My husband. It’s time to name him I think. I wasn’t sure if I wanted to use his real name or a pseudonym. His name is Mark. I might nickname him once in a while, we’ll see. A few things about Mark. He likes his meat, or protein as he says. Mark consumes a “protein” three times a day. Breakfast, lunch and dinner, he prefers a meat item on his plate. Ugh, so much fun cooking for Meathead and my middle daughter, the Vegetarian (although she just recently started eating meat again after seven years).
Next, Mark eats ice cream every day. Every. Single. Day. I kid you not. If we are out of ice cream, panic ensues and he, and the kids, go out for ice cream. My sister-in-law, Paula, once asked me if Mark ate ice cream every day. So does his brother. Paula doesn’t get it and neither do I. We both think the ice cream thing is a bit much. I’ve only seen him give it up for Lent. And he is responsible for our three girls developing the same habit.
And my last tidbit about my husband is he really likes crunchy things — potato chips, crackers, the crunchier the better. You do not want to be any where near him when he’s in a zone crunching away, it’s like nails on a chalkboard.
I might share more interesting things about Mark another time. He’s a great guy and father and we love him. Which brings me to his ribs. He is the king of the grill around here. We have a gas grill that is about 23 years old. In the middle of winter in Chicago, a brand new shiny Weber gas grill arrived at our house. My husband worked on the Weber account and they wanted him to have a gas grill to really know the product. Well, Mark knows that gas grill inside and out and has been grilling on it for 23 years.
Mark grills a lot of chicken and he loves veggies on the grill. But I think his favorite is ribs. We have been living in St.Louis now for 14 years and he never makes the St. Louis- style ribs. He says they’re not good and he likes baby backs. I kept saying we really should try again, maybe we’re not cooking them right. St. Louis-style ribs are spareribs with the rib tips and brisket flap removed. I did a little researching and we decided to try again.
So first I made some barbecue sauce. I’ve never made sauce before, we always use bottled and he definitely has some favorites. I had all the ingredients on hand, it was a simple sauce and very good. I also learned about a technique of thinning the sauce with water and basting the ribs with it frequently throughout the cooking process. By basting coat after coat, it builds flavor and a caramelized crust instead of burning too quickly.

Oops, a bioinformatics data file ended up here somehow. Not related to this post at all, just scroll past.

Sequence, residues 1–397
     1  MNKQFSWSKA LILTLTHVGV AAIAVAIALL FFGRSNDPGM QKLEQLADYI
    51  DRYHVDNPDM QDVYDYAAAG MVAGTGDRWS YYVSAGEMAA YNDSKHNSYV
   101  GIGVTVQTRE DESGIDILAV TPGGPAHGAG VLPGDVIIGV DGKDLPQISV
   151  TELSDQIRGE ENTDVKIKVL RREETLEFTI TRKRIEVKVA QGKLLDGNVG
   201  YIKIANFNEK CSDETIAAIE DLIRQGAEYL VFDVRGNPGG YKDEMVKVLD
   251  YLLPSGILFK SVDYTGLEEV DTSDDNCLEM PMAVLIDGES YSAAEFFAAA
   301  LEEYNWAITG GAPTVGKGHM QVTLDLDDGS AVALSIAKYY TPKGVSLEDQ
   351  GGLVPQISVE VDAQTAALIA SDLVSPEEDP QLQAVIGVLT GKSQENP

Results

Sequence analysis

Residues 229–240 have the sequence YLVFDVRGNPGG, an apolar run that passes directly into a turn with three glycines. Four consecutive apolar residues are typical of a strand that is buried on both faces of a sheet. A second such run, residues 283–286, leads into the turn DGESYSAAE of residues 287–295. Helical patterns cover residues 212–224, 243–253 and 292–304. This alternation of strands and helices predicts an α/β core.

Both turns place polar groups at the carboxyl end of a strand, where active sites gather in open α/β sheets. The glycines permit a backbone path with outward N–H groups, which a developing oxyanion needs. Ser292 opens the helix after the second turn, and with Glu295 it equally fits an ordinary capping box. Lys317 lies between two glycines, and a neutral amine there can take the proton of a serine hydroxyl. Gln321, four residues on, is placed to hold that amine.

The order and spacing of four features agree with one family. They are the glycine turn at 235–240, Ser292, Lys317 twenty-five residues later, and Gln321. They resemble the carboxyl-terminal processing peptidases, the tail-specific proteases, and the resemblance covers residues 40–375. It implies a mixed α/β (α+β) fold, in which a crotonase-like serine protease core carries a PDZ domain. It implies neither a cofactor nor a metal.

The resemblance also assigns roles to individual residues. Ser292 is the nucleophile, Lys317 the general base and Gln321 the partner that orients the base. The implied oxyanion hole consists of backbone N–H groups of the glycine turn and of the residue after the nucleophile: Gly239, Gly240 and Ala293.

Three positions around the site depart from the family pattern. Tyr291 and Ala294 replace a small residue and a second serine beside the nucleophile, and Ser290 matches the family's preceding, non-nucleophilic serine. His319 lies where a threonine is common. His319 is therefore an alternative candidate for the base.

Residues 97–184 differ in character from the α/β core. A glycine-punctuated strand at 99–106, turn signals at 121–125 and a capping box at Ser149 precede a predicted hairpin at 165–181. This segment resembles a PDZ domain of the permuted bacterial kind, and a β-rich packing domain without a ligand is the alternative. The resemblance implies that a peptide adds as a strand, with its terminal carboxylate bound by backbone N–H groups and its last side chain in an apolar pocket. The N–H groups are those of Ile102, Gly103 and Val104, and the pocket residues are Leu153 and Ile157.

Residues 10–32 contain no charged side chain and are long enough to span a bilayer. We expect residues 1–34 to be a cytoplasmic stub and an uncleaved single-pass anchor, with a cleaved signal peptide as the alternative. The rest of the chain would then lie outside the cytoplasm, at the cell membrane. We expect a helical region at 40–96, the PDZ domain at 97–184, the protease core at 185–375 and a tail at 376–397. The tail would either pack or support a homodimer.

We used two slabs of ribs. I prepped them for him by removing the membrane on the bone side. I got it started with a knife and my fingers and then used a paper towel to rip it off. You don’t want that membrane on your ribs.
There are so many ways to barbecue ribs, dry rub vs. sauce, gas grill vs. charcoal vs. smoker vs. adding smoking chips, etc. There’s a reason for all the rib competitions. This is how we make them, feel free to adjust and tailor to your grill type.
I am going to have to get Meathead now and defer to him on his technique this time for BBQ St. Louis-style ribs. They were fantastic, the best he’s ever made in my opinion. I think we have a new favorite rib around here.
St. Louis-style pork spareribs, slow-cooked and basted with BBQ sauce on the grill.
- Your favorite dry rub
- 1 cup of your favorite barbecue sauce (see note for a simple homemade sauce)
- 2 slabs St. Louis-style pork spareribs, thin membrane removed from the back side
- Salt and pepper
Season ribs with dry rub, starting with the back side first. Don't use too much rub, just a nice coating. Season with salt and pepper. Let sit for a half hour.
Heat your gas grill on high, clean and then turn off the center flame and set the two outer flames to medium. You are aiming for a temperature of 250º to 300º.
Combine barbecue sauce with one cup of water and set aside.
Place ribs on the grill, bone-side down for 30 minutes. Flip ribs and grill for another 30 minutes.
After one hour, start basting the ribs with the thinned sauce every 10 minutes. Here's how: start with the meat side up and baste twice, 20 minutes. Flip and baste the back side, 10 minutes, then flip and repeat basting the meat side two more times, 20 minutes.
The meat at this point should be pulling away from the ends of the bone like in the first photo above. This is what you're looking for. Baste the ribs one more time, meat side up and turn the heat off. Keep the lid closed for 10 more minutes. Our ribs were done after about 2 hours. If needed, keep basting and flipping every 10 minutes until done, about 2 to 2 1/2 hours.
Remove from grill. Cut into individual ribs and devour. Serve undiluted barbecue sauce on the side.
To make the barbecue sauce I made, in a small saucepan combine the following ingredients:
- 2/3 cup ketchup
- 1/2 cup cider vinegar
- 1/4 cup brown sugar
- 2 teaspoons smoked paprika
- 1 teaspoon ground cumin
- 1 teaspoon kosher salt
- 1 teaspoon black pepper
and bring to a simmer and cook for 5 minutes.
* Barbecue sauce adapted from the NY Times.